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It’s that time of year again—Back-to-school. A time many parents simultaneously anticipate and dread.
After a summer of fun, work, and play with your kids, it’s time to get back into a school routine. For many people, the start of the school year is stressful and challenging. But there are things you can do to make starting school easier.
When all of my children were still in school, I had someone leaving the house every 30 minutes from 6:30 to 8:30. For a time, I felt like I was living in a bus station with a revolving door. Systems and routines were a must for me.
Creating habits and establishing routines can go a long way toward relieving stress and helping everyone’s lives run more smoothly. Here are five things we do at our house that always make starting school easier.
Adjust Sleep Times
If you have typical kids, they have probably gotten into the summer habit of staying up later (hey, who wants to go to bed before the sun goes down?) and usually sleeping later in the morning. If they’re in the habit of snoozing until 8 or 9—or even later—a 7 a.m. or earlier start on the first day of school isn’t likely to be well-received. Start adjusting sleep and wake times a week or two before the first day of school. Gradually make bedtime earlier, by 15 minutes per night until you’ve gotten to school year bed time. Do the same thing with morning wake times. Wake up 15 minutes earlier each morning until everyone is getting up at the time that will give everyone enough time to get ready and get out the door without rushing.
As a bonus, start teaching your children to wake to their alarm clocks early on in their school careers. Helping them learn to get themselves up in the morning will teach them self-reliance and self-discipline and will make your job much easier.
Giving them their own fun alarm clock and helping them learn to use it, can help them feel like they are in charge of their own getting up. Helping your children learn to wake themselves up in the mornings might just be the single most important key to make starting school easier.
Get up 15 minutes earlier
Ok, I know you’re already groaning and, yes, I am a morning person. It started with getting up at 4:30 in the morning for an early morning religion class when I was in high school. But there are real benefits to waking up early. You can read about them here.
As a mom, I have found that just having a few minutes to myself before everyone is up and chaos erupts sets a more peaceful tone for my day and helps keep my stress level down. Not only that, but that extra 15 minutes means I can get everything done without having to rush.
Keep the Chaos Corralled
Is there anything that blows your day more quickly than running late and realizing halfway to school that you’ve forgotten someone’s lunch or backpack—or not being able to find that report that is absolutely due today and can’t be turned in late?
The best way to avoid the morning madness of searching for clothes or shoes or homework is to prepare the night before. Designate an “official” place for each child to keep their backpack so they can grab it and go in the mornings. Using a hall bench where everyone can learn to leave their things as they come home and picking them up again on the way out keeps everything contained and tidy. Before bedtime, have them put everything they need for the next day into their backpacks and put them in the go place.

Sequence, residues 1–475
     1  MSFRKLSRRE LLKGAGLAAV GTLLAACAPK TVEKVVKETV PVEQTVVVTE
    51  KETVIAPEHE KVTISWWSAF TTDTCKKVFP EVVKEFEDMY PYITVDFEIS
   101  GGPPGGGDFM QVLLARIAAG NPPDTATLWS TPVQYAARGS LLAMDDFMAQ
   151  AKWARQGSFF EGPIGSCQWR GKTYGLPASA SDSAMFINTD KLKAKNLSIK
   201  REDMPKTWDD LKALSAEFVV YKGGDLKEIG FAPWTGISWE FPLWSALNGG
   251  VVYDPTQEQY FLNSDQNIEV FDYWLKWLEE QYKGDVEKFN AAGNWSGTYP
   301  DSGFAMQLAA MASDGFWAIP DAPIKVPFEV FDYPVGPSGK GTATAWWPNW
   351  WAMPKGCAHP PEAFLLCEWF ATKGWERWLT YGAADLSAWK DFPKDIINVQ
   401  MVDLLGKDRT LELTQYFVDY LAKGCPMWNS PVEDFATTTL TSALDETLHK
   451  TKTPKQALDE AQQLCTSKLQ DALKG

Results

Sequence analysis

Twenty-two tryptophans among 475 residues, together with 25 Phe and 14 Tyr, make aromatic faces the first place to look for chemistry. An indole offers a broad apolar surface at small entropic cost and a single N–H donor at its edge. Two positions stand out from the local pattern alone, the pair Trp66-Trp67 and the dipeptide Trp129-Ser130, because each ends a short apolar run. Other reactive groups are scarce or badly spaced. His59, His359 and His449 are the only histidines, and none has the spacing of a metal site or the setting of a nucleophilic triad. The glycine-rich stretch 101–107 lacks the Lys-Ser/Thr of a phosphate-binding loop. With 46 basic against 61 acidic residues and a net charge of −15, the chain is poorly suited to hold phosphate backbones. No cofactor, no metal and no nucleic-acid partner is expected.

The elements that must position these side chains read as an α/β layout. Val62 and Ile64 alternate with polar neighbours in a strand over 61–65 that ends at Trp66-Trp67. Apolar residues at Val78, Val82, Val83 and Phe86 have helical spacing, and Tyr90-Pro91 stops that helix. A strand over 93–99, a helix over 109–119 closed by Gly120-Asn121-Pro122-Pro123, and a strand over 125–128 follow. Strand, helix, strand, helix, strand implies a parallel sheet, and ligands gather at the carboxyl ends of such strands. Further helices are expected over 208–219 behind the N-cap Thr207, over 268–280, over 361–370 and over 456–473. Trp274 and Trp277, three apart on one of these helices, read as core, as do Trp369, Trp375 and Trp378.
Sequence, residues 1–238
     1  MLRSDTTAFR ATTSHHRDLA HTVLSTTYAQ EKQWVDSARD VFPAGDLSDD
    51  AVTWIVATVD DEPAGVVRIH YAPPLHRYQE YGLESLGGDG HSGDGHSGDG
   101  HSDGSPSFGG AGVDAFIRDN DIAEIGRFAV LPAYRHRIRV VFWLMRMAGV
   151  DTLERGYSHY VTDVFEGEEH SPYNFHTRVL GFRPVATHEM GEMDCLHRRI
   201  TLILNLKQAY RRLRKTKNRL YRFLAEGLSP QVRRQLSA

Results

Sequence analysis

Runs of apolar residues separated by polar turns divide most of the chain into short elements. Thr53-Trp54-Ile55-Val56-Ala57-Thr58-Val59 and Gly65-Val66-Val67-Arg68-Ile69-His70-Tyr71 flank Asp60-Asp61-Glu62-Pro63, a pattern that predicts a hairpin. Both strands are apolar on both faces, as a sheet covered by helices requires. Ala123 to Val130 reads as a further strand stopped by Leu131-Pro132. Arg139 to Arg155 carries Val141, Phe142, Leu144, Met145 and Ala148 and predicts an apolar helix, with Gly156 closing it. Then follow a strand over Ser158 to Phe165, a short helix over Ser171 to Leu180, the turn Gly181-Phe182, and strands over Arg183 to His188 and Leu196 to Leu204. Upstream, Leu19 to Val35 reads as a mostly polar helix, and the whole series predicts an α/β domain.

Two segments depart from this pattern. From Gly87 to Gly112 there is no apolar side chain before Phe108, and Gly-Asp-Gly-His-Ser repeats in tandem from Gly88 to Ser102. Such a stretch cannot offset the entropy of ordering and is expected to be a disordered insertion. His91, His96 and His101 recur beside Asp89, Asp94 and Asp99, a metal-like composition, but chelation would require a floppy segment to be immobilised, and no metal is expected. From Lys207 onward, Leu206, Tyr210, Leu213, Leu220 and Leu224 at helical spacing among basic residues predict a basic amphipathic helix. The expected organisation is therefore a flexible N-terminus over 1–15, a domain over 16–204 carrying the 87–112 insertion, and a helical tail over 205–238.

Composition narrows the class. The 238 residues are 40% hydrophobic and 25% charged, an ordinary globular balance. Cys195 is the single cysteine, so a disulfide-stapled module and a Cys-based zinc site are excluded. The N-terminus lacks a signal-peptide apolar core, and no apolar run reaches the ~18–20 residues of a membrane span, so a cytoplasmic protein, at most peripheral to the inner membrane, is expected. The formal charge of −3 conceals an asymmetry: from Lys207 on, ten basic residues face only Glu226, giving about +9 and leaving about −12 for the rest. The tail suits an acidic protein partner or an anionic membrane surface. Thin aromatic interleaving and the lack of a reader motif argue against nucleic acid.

Prep Lunches the Night Before
After the schoolwork is taken care of, turn your attention to lunches. Lunch packed at home is often cheaper and nearly always tastier than whatever they serve in your cafeteria. And making lunches the night before means you won’t have to think about it in the morning. Anything that gives me fewer morning chores improves my day and my mood.
When we had four children in four schools and two parents heading out every morning–all at different times, we created a lunch station to make evening prep easy. Sandwich fixings had their own bins in the refrigerator and pantry, as did fresh fruit and cut veggies, like baby carrots and celery. We used snack bins like these for snack bars, crackers, chips, and treats. Our children knew how much of each they could take each day. We found they complained less and came home with fewer leftovers when they got to choose their own lunches.
Give Your Kids a Part
Doing this all yourself does not make you a better mother. Enlist your kids in the process. Give them age-appropriate responsibilities so they can learn to take control of their own lives and ownership of their success. Starting as early as kindergarten, children can begin helping to make their own lunches. Whether it’s learning to spread jelly on bread, choosing the fruit or drink, or packing the lunchboxes, having your children help with their school preparations helps them learn to work as a family and to make decisions. As an added bonus, children are more likely to eat a lunch they’ve chosen themselves. By second or third grade, they should be able to handle pretty much the whole lunch-making process on their own—and you get more time for your needs.
Children can also learn to pack their own backpacks, and they can develop the habit of laying out their clothes the night before as well. Organizing tomorrow’s outfits the night before can go a long way toward eliminating last-minute hunts for missing shoes and jackets.
These five simple routines have made our 25 years of kids in school something to enjoy rather than dread. Try one or more and tell me how it’s working at your house.
And while you’re here, please share your best strategies to make starting school easier.
Happy School Year!